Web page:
Go Play with Your Brothers
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“Go Play with Your Brothers,” New Era, June 2014, 20–21

Go Play with Your Brothers

Krista Batts lives in Idaho, USA.

When I saw the danger my brother was in, I could hardly believe it. I was so grateful I’d listened to the Holy Ghost.

Go Play With Your Brothers

Illustration by Roger Motzkus

I stared out the window as I washed my hands in the kitchen sink. It was a very warm summer day and the birds were singing. The sun was bright and the grass was green. I could see the little dirt road that ran down the hill past our house to the fields, which were flooded again. This happened all the time when the water was let into the canal so the farmers could water.

I was just about to return to my afternoon hideout in my room when I got a sudden feeling that I should go play with my brothers. And even though I couldn’t hear them and I hadn’t seen them for hours, somehow I knew they were outside playing in the water.

Now, I really like my brothers. Blake was 5, and Morgan was almost 4. And even though I enjoyed spending time with them, I didn’t usually seek them out to play. But this time, I knew I needed to.

As I left the house, heading toward the flooded road and the ditch beyond, my main concern was that I didn’t want to get wet. A small children’s tricycle was sitting next to the road, so I used it like a scooter to begin my journey through the water.

The dirt road that led to the neighbor’s field ran on top of a culvert, a drainage pipe that carried water underneath the road and let the water out into the ditch on the other side. As I was making my way toward the culvert, I heard yelling and instantly knew I had to get there fast! Abandoning the tricycle, I ran through the water to the ditch. As the water drained through the culvert, it made a whirlpool. It was an impressive sight. But when I saw my brothers, I gasped.

Morgan had been sucked in! Blake was standing on one side of the culvert’s opening and Travis, our cousin who was the same age as Blake, was standing on the other side. The water was swirling around their legs and each of them was grasping one of Morgan’s hands. Only Morgan’s head and arms were above water. Only the desperate grips of two small boys were keeping him from being swept into the culvert.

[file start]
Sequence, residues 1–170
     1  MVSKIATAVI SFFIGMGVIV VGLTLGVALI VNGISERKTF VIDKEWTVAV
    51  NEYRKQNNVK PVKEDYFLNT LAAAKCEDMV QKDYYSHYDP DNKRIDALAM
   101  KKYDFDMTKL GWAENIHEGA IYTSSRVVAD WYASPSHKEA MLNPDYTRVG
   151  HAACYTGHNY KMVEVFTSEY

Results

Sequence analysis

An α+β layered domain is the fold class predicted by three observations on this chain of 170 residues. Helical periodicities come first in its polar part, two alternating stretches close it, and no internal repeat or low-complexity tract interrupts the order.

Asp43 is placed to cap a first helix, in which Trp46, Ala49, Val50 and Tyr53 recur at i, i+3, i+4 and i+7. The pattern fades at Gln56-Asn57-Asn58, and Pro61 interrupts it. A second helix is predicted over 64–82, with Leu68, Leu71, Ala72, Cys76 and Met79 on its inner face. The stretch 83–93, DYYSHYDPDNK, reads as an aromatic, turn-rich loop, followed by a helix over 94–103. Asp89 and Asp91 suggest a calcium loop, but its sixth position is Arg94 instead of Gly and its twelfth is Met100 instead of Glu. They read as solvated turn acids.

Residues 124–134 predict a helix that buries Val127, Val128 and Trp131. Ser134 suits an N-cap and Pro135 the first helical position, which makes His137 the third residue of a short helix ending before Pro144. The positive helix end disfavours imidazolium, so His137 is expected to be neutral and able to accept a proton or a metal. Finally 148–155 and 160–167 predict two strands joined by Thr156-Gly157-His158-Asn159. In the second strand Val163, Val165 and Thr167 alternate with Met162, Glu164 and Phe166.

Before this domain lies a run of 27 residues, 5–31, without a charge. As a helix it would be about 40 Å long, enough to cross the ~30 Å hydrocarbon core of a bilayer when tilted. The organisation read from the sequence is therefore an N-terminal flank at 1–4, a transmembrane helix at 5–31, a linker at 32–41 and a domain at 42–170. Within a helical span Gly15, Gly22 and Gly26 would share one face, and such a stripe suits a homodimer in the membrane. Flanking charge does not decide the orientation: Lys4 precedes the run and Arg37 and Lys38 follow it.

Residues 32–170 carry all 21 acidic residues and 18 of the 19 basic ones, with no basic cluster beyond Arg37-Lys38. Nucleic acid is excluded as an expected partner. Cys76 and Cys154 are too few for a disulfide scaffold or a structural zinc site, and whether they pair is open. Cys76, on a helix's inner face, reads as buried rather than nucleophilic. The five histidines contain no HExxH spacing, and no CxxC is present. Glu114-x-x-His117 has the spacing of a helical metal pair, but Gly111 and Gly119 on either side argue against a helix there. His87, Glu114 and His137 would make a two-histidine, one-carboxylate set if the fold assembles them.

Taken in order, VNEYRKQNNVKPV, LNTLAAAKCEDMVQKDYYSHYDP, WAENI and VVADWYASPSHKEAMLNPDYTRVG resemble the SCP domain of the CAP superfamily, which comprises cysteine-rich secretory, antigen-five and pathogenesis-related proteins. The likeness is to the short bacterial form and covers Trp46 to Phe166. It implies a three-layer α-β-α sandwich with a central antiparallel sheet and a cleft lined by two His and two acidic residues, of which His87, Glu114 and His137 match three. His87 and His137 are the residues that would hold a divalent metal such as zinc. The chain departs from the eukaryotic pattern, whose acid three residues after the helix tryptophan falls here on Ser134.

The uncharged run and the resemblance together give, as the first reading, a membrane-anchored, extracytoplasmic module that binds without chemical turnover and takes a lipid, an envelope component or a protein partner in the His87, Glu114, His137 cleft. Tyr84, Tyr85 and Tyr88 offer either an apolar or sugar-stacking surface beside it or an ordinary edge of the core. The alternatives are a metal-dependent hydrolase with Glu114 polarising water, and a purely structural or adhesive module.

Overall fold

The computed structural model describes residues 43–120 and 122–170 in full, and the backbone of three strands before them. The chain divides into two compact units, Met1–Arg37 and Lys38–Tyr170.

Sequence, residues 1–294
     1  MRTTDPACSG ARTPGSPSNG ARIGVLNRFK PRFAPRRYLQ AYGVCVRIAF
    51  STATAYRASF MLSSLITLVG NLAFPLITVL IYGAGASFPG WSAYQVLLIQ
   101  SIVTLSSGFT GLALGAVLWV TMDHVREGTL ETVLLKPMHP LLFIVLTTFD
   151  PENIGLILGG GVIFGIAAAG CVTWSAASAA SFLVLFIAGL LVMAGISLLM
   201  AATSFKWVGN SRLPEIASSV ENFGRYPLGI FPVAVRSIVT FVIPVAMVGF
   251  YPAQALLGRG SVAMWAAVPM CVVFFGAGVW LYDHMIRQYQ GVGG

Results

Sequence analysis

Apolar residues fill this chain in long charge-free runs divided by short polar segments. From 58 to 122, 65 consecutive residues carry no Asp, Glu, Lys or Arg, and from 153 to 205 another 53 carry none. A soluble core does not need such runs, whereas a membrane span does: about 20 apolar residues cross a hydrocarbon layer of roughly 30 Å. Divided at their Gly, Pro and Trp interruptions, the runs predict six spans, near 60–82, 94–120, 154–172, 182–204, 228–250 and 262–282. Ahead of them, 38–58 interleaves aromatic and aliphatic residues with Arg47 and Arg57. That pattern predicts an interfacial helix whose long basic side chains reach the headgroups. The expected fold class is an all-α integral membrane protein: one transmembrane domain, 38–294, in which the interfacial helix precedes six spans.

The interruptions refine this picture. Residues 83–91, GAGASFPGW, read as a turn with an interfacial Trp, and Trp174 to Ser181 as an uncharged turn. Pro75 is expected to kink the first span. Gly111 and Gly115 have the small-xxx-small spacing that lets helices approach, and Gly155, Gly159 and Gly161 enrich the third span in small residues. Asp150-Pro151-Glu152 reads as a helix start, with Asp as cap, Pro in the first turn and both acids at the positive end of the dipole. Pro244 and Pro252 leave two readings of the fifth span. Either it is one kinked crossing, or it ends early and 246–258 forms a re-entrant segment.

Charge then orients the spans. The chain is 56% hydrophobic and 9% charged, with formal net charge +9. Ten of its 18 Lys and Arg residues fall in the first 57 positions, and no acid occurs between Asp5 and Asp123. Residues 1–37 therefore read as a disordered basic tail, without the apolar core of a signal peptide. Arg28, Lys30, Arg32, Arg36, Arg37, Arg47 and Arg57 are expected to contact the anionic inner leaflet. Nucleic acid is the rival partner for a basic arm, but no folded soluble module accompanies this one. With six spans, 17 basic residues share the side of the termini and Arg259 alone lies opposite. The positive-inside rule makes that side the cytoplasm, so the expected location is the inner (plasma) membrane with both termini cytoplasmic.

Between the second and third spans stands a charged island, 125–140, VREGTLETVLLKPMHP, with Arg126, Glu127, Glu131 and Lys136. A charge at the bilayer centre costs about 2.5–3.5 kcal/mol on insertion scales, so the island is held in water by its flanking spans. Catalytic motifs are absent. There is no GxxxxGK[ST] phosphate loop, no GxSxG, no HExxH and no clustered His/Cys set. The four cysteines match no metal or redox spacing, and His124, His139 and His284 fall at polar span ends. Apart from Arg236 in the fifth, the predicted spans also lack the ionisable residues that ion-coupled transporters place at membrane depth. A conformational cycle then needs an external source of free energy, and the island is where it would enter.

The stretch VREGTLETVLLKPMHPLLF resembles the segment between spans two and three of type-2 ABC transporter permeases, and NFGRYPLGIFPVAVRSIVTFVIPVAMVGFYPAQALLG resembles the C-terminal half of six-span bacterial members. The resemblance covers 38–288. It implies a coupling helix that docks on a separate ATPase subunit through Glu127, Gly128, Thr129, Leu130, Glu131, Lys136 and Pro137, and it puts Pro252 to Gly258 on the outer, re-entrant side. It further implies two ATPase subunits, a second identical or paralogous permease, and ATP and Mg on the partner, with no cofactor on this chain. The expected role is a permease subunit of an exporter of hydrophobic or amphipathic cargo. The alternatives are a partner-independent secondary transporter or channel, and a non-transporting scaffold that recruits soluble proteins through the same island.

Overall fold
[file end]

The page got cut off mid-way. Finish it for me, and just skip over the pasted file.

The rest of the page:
Morgan went under the water. Blake and Travis pulled with all their might and were able to bring him up just far enough that his head came out of the water again. Thoughts of confusion and panic were rushing through my head. The one thing I remember thinking was that it was going to be hard to pull Morgan out of the water, like pulling your foot out of mud that’s halfway to your knees. But when I grabbed him and pulled, it was more like pulling a hot knife out of butter. He just slid out of the water.

The current from the whirlpool was so strong that it had pulled off Morgan’s shoes and socks. I bundled him up in the other boys’ shirts and laid him in a wagon and took him home.

After we got home and told Mom what happened, I went back down to the ditch to get Morgan’s stuff. What I saw there made my heart stop. On the other end of the culvert was a grate that had been welded on. It was there to keep anything other than water from leaving the culvert. The grate was full of garbage, and nothing bigger than a leaf was getting through. Had Morgan been pulled into the culvert, he wouldn’t have come out. He would have been stopped by that grate and drowned.

I know it was the Holy Ghost who gave me the impression to go play with my brothers that day, and it was because of the Holy Ghost that I knew where my brothers were. I’m thankful I have the Holy Ghost with me to help protect me and those I love. And I’m thankful I listened when I was inspired to go play with my brothers.